Crash Course on Carbs: How to Tell the Good from the Bad

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Carbohydrates have earned a negative reputation in recent years, especially with the emergence of different diet fads. People who are trying to lose weight commonly fear carbs because they believe these are fattening, so they try to cut it from their diets completely.

But plenty of medical professionals and nutritionists explain there are different types of carbs – some are good for you, while others not so much. Weight loss clinics, like Orem’s MD Diet Clinic, prescribe appropriate nutrition programs according to the patient’s needs, but some still hastily commit to diets that may not be good for their health.

So what’s the difference between good and bad carbs and how can you choose the best ones according to your diet and lifestyle?

Simplex and Complex

Carbohydrates are macronutrients that provide the body with energy. Carbs can be broken down into three categories: sugar, starch, and fiber. The body breaks down sugar and starch into glucose, which acts as its main source of fuel.  Humans can’t digest fiber, but this is what the friendly bacteria in the digestive system feeds on.

These three categories have two classifications: complex and simple carbs.

  • Simple or Refined Carbs: These contain natural sugars that the body can easily digest, thus providing quick energy. Some vegetables, fruits, milk, and dairy products are good sources of simple carbohydrates. Simple carbs are also present in processed food, such as soda, artificial juices, white sugar, and some pastries. Although they are simple carbs, fruits, veggies, and milk contain essential nutrients, protein, and fiber.
  • Complex or Whole Carbs: These are food that are rich in starch and fiber, which the body takes longer to break down into glucose and use as energy. Complex carbohydrates contain essential minerals, vitamins, and antioxidants. Some good sources of complex carbs are beans, whole grains, quinoa, legumes, brown rice, and oats.

Which carbs should you eat?

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As a rule, the best carbohydrates are the ones that come from natural sources. Processed food, like corn flakes, juice powder, and potato chips, are stripped of nutrients, vitamins, and fiber and filled instead with preservatives and sugar.  These simple or refined carbs have little to no fiber, making it easier and quicker to digest.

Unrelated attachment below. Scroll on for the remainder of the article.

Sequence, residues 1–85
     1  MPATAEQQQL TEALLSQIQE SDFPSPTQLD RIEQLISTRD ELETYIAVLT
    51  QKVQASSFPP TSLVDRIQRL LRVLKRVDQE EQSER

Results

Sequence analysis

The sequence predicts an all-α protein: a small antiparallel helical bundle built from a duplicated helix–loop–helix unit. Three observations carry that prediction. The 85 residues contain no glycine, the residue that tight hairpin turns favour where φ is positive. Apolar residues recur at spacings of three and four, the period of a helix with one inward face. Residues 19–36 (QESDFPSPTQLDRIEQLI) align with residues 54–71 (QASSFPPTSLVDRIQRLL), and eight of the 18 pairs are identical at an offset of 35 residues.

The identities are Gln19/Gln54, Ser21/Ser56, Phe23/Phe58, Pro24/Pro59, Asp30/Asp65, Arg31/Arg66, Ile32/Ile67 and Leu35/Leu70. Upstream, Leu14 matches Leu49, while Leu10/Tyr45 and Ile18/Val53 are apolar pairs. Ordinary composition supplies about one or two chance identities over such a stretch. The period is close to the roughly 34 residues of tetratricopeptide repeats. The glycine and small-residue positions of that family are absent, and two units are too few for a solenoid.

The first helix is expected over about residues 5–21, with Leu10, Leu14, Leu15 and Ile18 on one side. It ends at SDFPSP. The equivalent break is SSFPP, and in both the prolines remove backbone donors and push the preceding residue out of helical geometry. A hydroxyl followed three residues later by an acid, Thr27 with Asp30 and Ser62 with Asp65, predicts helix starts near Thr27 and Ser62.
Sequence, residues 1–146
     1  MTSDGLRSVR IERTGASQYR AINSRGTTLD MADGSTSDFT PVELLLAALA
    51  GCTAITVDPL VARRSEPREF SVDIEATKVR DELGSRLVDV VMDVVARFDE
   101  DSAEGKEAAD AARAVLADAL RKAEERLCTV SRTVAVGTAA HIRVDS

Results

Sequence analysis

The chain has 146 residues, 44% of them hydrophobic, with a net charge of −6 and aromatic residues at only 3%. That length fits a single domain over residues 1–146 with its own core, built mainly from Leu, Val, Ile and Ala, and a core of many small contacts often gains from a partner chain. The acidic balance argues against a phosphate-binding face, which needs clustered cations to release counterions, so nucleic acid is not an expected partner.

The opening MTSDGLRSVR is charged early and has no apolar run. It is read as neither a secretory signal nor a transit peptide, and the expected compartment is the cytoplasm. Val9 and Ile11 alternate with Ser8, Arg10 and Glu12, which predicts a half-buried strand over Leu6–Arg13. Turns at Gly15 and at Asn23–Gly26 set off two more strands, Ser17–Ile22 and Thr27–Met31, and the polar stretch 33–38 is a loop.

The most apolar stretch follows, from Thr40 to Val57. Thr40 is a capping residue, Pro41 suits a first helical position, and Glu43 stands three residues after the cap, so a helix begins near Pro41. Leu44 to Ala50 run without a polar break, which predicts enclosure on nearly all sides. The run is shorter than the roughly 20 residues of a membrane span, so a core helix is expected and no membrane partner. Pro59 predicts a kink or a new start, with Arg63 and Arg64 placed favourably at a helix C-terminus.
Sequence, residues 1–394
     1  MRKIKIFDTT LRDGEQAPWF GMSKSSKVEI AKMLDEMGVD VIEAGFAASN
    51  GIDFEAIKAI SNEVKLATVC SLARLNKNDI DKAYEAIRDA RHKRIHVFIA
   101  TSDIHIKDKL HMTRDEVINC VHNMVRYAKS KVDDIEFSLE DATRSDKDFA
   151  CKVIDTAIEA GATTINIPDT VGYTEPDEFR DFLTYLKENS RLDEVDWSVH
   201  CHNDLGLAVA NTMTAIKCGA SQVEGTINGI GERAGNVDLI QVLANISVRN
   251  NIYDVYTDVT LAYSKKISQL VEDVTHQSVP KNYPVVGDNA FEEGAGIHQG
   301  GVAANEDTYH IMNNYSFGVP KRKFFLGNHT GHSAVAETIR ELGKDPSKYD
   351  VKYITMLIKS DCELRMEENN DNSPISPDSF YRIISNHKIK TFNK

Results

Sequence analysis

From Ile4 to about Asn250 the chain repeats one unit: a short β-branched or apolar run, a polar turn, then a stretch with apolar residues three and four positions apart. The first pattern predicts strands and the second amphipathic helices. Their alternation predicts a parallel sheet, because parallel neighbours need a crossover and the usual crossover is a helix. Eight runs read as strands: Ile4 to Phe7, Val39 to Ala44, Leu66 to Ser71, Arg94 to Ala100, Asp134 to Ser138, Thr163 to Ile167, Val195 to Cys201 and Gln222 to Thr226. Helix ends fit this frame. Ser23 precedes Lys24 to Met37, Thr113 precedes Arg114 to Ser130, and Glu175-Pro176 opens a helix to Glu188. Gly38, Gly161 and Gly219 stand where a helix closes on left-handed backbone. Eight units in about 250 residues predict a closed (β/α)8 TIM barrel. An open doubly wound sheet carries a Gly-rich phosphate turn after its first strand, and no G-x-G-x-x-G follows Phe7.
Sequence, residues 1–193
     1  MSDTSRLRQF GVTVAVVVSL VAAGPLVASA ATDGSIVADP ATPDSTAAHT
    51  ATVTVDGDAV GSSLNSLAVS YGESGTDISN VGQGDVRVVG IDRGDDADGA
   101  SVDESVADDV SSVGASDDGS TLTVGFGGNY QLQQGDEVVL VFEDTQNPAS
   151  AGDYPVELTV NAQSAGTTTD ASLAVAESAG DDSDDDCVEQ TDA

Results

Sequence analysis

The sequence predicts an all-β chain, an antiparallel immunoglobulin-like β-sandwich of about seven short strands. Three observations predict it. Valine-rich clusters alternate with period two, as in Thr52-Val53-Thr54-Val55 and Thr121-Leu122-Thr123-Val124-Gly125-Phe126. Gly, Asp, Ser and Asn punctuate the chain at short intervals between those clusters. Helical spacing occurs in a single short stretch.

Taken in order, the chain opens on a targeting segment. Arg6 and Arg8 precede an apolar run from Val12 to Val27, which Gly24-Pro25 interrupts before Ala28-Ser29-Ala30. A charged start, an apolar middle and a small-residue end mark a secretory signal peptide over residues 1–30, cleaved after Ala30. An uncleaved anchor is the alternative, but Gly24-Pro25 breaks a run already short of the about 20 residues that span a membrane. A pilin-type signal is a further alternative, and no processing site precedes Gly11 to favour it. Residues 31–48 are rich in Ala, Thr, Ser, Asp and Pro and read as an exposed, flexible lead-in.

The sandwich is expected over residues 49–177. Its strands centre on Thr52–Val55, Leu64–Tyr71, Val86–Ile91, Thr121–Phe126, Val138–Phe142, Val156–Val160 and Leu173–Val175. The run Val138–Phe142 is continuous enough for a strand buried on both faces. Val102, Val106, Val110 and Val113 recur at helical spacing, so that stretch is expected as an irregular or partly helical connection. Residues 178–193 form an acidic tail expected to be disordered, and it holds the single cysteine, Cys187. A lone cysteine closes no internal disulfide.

Refined carbs have a high glycemic index as well, which represents a food product’s effect on the rise of the blood glucose level. Because of this, many researchers link simple carbohydrates to an increased risk of diseases, like diabetes, obesity, and heart disease.

The high glycemic index is partly the reason refined carbs are fattening. Simple carbs make the blood sugar spike, causing the pancreas to compensate by pumping out insulin. When the person’s blood sugar drops again, he or she will feel sleepy and end up craving sugar again. Basically, sugar is addictive.

This isn’t to demonize carbohydrates as a whole. Instead of eating sugary, simple carbs, nutritionists recommend a diet of high-fiber and high-protein complex carbs. Food rich in fiber take longer to digest, thus making a person feel full for longer. Researchers also link high-fiber carbohydrates like legumes, whole grains, fruits, and vegetables with improved metabolic health and lower risk of diseases.

Now that you know the difference between good and bad carbs, hopefully, you can better plan your diet plan without having to remove carbs entirely from your nutrition intake. And when in doubt, consult a nutritionist so he or she can prescribe the best diet plan for you.


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